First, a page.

Monday, October 17, 2016

Monday Is for Mothers: Timney P. Watts (1805 - 1863) - Probate Records, Part 4, More Doctor Bills

The second physician to attend my great great great grandmother Timney P. Watts Warren Phillips during her final illness was Dr. William D. Hall.*

My transcription:

Mrs Timney Phillips
1863                                                           To Wm. D. Hall Dr
May  20     To visit P. & med to MA** (3.00) 2 large Pl. must.*** & 4 small (1.00)     4.00
         21      "  visit    "      "     "     "    morning & Evening     5.00
         22      "  visit    "      "     "     "    -----     2.50
         22         visit    "      "     "     "    -----     2.50
June  12         visit P. & med to Self (5 pills Blue mass**** & opium     3.50
         13         visit "     "     "     "     -----     -----   3.00
Aug   17     Div. Pulv. (25) (19) visit P. & Med to Self (3.00)     3.25
                   mustard Plasters 50 ---         .50
          20     visit P. & med to self   Am ----  must. Pl to back (50)    3.00
         21      visits per day   P. & med                 5.00
         22      visit P. & med     P.M.                      2.50
         23       visit     "     "                                   2.50
24, 25 & 26   Quinine, mus  1. Laud. & morphine            2.00
Sept  1          mustard (1.00)                   1.00


[Description : Estate Papers, Phillips, Nancy (Minor) to Piques, Sarah. Source: Alabama, Wills and Probate Records, 1753-1999 [database on-line]. Provo, UT, USA: Operations, Inc., 2015. Original data: Alabama County, District and Probate Courts.]

            Amt forwarded                          40.75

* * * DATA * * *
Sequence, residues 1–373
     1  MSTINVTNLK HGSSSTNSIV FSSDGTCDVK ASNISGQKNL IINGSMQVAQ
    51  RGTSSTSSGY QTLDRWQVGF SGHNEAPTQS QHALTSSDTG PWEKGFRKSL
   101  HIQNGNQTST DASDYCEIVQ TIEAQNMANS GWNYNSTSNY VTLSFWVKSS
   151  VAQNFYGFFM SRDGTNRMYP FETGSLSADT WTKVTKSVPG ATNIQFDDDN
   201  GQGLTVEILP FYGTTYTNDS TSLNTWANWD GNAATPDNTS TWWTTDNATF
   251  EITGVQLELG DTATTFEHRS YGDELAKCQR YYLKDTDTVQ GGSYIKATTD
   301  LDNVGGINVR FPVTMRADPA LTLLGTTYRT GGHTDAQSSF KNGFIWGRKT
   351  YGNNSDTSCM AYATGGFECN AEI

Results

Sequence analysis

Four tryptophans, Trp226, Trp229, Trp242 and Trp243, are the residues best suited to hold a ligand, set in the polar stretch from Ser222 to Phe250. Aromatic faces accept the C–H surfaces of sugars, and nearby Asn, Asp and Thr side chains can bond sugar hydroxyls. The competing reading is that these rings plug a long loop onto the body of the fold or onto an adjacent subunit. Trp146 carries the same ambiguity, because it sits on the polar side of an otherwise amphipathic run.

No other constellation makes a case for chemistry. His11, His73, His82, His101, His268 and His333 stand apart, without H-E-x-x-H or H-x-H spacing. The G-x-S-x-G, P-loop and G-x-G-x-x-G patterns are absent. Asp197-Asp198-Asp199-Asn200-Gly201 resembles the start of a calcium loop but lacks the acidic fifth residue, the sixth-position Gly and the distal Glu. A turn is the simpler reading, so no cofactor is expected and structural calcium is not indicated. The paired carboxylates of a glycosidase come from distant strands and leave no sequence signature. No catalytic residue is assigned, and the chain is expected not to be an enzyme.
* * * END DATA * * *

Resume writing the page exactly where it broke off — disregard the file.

Med.     a/c of 1862                   $3.45
     St[??]      "     "     1862 & 63           3.40

     Dec 28th ---  Received J.D. Phillips admt.
     Forty Seven & 60/100 Dollars in full of the above
     a/c,                 Wm. D. Hall

Allowed [probate court note]

State of Alabama
Macon County
Personally appeared before
me, John L. Carmichael, an acting
J.P. in & for Sd. County, Dr. Wm. D. Hall, who being duly sworn
deposith & saith, that the above accounts are just &
true & that they have not been paid, nor any part of them.
Sworn to & subscribed before me on this
26th December 1863                          Wm. D. Hall, M.D.

John L. Carmichael Justice of Peace

You may recall from my post about Timney's obituary in the Southern Christian Advocate that stated she died of "bilious fever" which could be a number of different diseases including typhoid or yellow fever.

It appears that Timney's final illness was serious enough that Dr. Hall, who had begun treating her on August 17th, felt the need to confer with her other physician, Dr. Hodnett, 6 days later. Thereafter both doctors made daily visits to their patient who died on September 2nd. The obituary ended with this:
From the commencement of her illness, she seemed conscious of her approaching dissolution, and often spoke of it with composure, expressing herself as willing "to depart and be with Christ," after admonishing those who came to see her as well as those around her, to prepare for death and the judgment.
Since her death occurred nearly two months after the fall of Vicksburg which split the Confederate states along the line of the Mississippi River, it's unlikely that her oldest son J.T.S. Warren (my great great grandfather in Texas)  would have been aware of his mother's illness and death for some time.

*I'm not certain which William D. Hall is referred to as I haven't been able to find a record of a doctor of that name in Macon County in the 1860s.
**Is this Martha Ann?
***You can read more about mustard plasters here.
****Blue mass was a laxative given in small doses with opium to counteract the constipating effects of the drug.

© 2016 Copyright, Christine Manczuk, All Rights Reserved.

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